The first time I walked into a portfolio review in New York City I was terrified. I wandered past a dozen or more of my peers who had their amazing books beautifully displayed on tables for two with decision makers on the other side of the table. They seemed prepared, confident and incredibly talented. My whole life I always thought I was that person, yet on this day, what felt like the most important day in my creative life, I felt like a complete fraud.
When I left my former life in sales/marketing/management for a creative/freelance lifestyle I knew I had a very big learning curve to catch up on. I felt like I had some marginal talent with a camera, however I had no idea how to monetize or evaluate that talent. I knew how to network, work hard and leverage life experience in my favor. What I didn’t know was how to evaluate my own work and accept the realities of the creative world.
I had a beautiful custom made portfolio by Scott Mullenberg, the best printing I’ve seen by Push Dot Studios in Portland and a solid roster of clients showcased in the book curated by Amanda Sosa Stone, my Agency Access consultant. I “looked” the part. I had shot advertisement campaigns for BOSE and JBL, editorials for FORBES and Garden & Gun and was generating plenty of regional corporate work. I felt like this was the next step for my career and it was New York’s move.
I was overwhelmed by the incredible work of the photographers in this room. I felt like once the reviewers, art buyers and photo editors saw my work they would judge me like I was judging myself. While sitting in the room waiting for my meetings with the other photographers sharing their work, all I could think was, “what am I doing here?” The funny thing is….they were mostly thinking the same thing after seeing my work and the work of others. I felt like the compliments (and sometimes still do) were simply people being polite. It’s definitely flattering but hard to accept when deep down I’m continually critical of my own work.
I met some amazing photographers there, many I am proud to now call friends. While we all act content in the present where we are as creatives, we are always comparing ourselves to each other. We constantly judge ourselves based on the work make, our gear, our lighting, our clients etc. We see people shooting for clients we want to work with and wonder “why not me?” We see the work of others and have no idea how they made it. We see the success of others and momentarily forget they spent years if not decades honing their craft. We all aspire to be successful whatever that truly means these days. Is it fame? Is it our legacy? Is it money or material things or is it simply enjoying the fact that we get to create things for a living? I’m leaning towards the latter.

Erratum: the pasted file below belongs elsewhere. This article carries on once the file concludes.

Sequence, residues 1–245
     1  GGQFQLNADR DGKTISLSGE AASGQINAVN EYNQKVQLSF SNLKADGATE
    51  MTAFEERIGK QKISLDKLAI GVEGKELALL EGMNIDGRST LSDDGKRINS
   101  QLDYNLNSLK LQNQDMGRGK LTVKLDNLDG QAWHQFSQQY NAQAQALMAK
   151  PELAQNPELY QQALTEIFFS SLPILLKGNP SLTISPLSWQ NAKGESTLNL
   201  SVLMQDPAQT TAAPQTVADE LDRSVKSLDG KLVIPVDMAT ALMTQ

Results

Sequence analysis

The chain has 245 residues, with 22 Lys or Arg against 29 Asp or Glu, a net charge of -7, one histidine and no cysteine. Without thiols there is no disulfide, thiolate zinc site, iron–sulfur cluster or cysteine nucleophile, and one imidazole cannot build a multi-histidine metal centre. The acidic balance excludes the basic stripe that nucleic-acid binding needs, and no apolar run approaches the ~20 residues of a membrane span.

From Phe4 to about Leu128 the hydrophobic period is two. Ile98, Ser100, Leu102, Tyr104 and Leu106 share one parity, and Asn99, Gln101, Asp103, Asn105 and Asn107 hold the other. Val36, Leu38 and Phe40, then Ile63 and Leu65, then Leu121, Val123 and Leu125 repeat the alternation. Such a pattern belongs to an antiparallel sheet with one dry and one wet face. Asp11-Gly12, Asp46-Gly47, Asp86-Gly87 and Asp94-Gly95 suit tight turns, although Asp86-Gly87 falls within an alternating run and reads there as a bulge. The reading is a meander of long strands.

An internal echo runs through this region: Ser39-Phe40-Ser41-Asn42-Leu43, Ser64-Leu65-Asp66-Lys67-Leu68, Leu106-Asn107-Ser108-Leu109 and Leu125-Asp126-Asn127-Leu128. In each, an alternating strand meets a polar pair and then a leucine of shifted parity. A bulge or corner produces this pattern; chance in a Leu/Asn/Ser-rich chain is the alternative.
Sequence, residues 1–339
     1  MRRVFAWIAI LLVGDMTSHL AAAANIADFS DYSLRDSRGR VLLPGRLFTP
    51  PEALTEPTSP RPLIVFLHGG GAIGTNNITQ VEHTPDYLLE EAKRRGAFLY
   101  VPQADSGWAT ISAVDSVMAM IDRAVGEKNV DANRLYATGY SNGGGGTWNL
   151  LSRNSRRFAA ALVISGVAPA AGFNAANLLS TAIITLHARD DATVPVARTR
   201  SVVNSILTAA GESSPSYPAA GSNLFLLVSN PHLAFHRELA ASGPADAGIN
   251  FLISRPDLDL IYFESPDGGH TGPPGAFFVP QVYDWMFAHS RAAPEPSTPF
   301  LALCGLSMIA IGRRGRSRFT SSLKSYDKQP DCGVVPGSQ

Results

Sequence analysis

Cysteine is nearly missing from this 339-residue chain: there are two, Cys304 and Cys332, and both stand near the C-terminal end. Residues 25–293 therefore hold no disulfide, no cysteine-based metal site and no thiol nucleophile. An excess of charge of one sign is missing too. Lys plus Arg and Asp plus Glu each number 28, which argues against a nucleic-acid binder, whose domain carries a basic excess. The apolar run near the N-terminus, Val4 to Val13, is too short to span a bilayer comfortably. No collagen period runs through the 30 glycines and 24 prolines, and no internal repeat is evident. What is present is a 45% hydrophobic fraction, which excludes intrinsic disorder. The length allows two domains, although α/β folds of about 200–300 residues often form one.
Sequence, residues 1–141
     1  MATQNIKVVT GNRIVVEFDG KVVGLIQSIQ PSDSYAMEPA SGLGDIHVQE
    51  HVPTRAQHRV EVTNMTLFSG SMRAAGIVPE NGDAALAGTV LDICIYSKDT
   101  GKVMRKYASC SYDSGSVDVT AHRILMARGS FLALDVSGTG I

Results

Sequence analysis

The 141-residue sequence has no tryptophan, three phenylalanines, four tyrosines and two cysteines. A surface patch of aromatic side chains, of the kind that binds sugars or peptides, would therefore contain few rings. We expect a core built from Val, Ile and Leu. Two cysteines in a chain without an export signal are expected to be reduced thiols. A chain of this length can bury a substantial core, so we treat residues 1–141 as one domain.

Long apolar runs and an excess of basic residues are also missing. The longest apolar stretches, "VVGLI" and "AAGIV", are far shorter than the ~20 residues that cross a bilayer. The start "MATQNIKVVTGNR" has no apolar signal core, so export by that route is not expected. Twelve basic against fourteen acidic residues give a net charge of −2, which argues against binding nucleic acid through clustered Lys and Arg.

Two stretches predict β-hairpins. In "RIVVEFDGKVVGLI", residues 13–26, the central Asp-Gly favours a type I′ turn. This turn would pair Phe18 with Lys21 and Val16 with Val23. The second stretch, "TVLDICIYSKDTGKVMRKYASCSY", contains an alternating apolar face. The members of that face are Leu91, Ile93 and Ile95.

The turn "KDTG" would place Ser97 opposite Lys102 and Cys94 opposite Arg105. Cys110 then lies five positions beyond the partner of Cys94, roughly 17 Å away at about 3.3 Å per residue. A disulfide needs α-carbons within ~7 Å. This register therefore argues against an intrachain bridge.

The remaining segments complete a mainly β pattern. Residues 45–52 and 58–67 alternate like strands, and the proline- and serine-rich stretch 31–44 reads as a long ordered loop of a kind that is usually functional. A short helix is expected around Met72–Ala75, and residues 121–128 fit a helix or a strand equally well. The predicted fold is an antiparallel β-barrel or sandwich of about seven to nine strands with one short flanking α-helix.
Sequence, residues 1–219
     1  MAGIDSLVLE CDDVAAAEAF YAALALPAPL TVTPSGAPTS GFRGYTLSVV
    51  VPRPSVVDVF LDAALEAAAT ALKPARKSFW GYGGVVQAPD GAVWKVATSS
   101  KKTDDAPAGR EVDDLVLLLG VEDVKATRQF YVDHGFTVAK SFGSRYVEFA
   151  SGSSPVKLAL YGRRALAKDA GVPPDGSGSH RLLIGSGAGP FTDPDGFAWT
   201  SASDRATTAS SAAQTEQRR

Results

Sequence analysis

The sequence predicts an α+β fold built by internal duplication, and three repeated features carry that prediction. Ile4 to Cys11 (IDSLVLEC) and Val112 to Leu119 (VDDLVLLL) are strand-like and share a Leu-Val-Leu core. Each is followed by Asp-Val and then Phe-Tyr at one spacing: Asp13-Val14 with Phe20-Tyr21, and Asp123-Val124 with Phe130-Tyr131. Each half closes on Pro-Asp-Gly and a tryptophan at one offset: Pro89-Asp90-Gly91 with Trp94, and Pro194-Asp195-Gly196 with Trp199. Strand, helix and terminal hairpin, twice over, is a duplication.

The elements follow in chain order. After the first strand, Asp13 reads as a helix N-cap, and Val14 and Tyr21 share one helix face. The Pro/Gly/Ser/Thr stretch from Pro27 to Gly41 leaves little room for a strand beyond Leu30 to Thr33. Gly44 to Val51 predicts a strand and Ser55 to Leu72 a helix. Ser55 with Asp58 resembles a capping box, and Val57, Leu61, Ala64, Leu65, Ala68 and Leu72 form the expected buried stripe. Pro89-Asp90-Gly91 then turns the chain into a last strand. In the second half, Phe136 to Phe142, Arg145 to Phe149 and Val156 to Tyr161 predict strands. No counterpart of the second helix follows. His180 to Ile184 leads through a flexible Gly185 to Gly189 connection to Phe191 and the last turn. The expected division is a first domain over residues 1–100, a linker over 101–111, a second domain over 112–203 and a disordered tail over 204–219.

There have only been a handful of assignments where I didn’t leave thinking I could have or should have done something different. I judge my own work and rarely see it as great. It’s taken me some time to accept this is my new normal. Feeling I could have done something better and not being content makes me realize I am committed to getting better. It reminds me that there is always someone out there more talented and harder working. It makes me feel like a creative.
I think if you don’t ever have doubt about something you’re making whether it’s photographs, art, music or anything else you create – you might as well hang it up. Realize your clients are hiring you because they DO like your work. Your style suits their needs or captivates them and that is important to embrace. Know that you aren’t going to get every assignment from your current clients either. This stings and it’s something you have to accept. The times you plan everything out and absolutely nothing goes the way you planned will continue to happen. Accept it and keep moving forward.
I realize I will always be my own worst critic and I’m comfortable with it. I still feel like a fraud most of the time but realize now I AM NOT. Feeling like a fraud and actually being one are two completely different things. Living in Nashville where there are so many creative people pushes me to keep moving forward. Surrounding yourself with other talented people is how the most successful companies and individuals get better. Embrace your fears, realize everyone else is experiencing them too and you’ll start enjoying your career more and making better work. Honesty and fear are the most valuable assets for any creative person to embrace in my opinion. Anything else is disingenuous to real creative growth.
To view more work by Jason Myers, visit his site.
Jason Myers is an award winning commercial advertising and editorial photographer based in Nashville, Tennessee.
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